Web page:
not meet the price linkage criterion because it fails the price

    relationship and volume tests provided for in the Commission's

    Guidance.

    3. Material Liquidity Criterion

    To assess whether the AEC contract meets the material liquidity

    criterion, the Commission first examined volume and open interest data

    provided to it by ICE as a general measurement of the AEC market's size

    and potential importance, and second performed a statistical analysis

    to measure the effect that changes to AEC prices potentially may have

    on prices for the NYMEX Henry Hub Natural Gas (a DCM contract), the ICE

    Socal Border Financial Basis (``SCL'') contract (an ECM contract) and

    the ICE HSC \25\ Financial Basis contract (an ECM contract).\26\

    ---------------------------------------------------------------------------

    \25\ The acronym stands for Houston Ship Channel.

    \26\ As noted above, the material liquidity criterion speaks to

    the effect that transactions in the potential SPDC may have on

    trading in ``agreements, contracts and transactions listed for

    trading on or subject to the rules of a designated contract market,

    a derivatives transaction execution facility, or an electronic

    trading facility operating in reliance on the exemption in section

    2(h)(3) of the Act.

    ---------------------------------------------------------------------------

    The Commission's Guidance (Appendix A to Part 36) notes that

    ``[t]raditionally, objective measures of trading such as volume or open

    interest have been used as measures of liquidity.'' In this regard, the

    Commission in its October 9, 2009, Federal Register notice referred to

    second quarter 2009 trading statistics that ICE had submitted for its

    AEC contract. Based upon on a required quarterly filing made by ICE on

    July 27, 2009, the total number of AEC trades executed on ICE's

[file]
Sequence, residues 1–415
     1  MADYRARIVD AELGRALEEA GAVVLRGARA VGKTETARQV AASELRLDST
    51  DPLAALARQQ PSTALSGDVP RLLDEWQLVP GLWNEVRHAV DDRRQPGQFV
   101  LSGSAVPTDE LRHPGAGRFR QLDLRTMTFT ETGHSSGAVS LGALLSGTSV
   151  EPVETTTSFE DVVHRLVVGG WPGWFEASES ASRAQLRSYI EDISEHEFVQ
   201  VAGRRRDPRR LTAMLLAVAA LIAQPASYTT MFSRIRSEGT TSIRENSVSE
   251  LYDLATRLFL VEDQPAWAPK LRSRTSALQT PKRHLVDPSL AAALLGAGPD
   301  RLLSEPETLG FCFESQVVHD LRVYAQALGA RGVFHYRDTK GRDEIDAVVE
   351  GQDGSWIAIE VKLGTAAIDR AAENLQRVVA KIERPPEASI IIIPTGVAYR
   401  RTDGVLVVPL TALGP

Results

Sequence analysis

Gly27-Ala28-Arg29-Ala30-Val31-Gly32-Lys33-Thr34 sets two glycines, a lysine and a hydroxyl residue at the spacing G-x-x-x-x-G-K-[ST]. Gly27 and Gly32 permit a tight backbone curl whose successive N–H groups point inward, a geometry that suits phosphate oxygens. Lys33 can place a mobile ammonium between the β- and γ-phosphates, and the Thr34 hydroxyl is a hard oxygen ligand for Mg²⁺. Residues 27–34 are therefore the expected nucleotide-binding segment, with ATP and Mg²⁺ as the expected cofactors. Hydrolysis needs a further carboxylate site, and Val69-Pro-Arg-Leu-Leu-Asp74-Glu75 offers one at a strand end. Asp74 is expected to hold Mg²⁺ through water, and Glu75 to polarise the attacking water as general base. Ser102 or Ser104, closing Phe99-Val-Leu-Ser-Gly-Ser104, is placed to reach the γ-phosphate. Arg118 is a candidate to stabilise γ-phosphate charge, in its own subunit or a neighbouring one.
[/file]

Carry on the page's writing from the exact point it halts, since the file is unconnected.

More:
electronic trading platform was 7,263 in the second quarter of 2009,

    resulting in a daily average of 113.5 trades. During the same period,

    the AEC contract had a total trading volume on ICE's electronic trading

    platform of 806,438 contracts and an average daily trading volume of

    12,601 contracts. Moreover, the open interest as of June 30, 2009, was

    443,402 contracts, which includes trades executed on ICE's electronic

    trading platform, as well as trades executed off

    [[Page 23702]]

    of ICE's electronic trading platform and then brought to ICE for

    clearing.\27\

    ---------------------------------------------------------------------------

    \27\ ICE does not differentiate between open interest created by

    a transaction executed on its trading platform versus that created

    by a transaction executed off its trading platform. 74 FR 52196

    (October 9, 2009).

    ---------------------------------------------------------------------------

    Subsequent to the October 9, 2009, Federal Register notice, ICE

    submitted another quarterly notification filed on November 13,

    2009,\28\ with updated trading statistics. Specifically, with respect

    to its AEC contract, 6,320 separate trades occurred on its electronic

    platform in the third quarter of 2009, resulting in a daily average of

    95.8 trades. During the same period, the AEC contract had a total

    trading volume on its electronic platform of 736,412 contracts (which

    was an average of 11,158 contracts per day).\29\ As of September 30,

    2009, open interest in the AEC contract was 483,561 \30\ contracts.

    Reported open interest included positions resulting from trades that

    were executed on ICE's electronic platform, as well as trades that were

    executed off of ICE's electronic platform and brought to ICE for

    clearing.

    ---------------------------------------------------------------------------

    \28\ See Commission Rule 36.3(c)(2), 17 CFR 36.3(c)(2).

    \29\ By way of comparison, the number of contracts traded in the

    AEC contract is similar to that exhibited on a liquid futures market

    and is roughly equivalent to the volume of trading for the ICE US

    Coffee ``C'' and Cocoa contracts during this period.

    \30\ By way of comparison, open interest in the AEC contract is

    similar to that exhibited on a liquid futures market and is roughly

    equivalent to that in the Commodity Exchange's Gold contract and the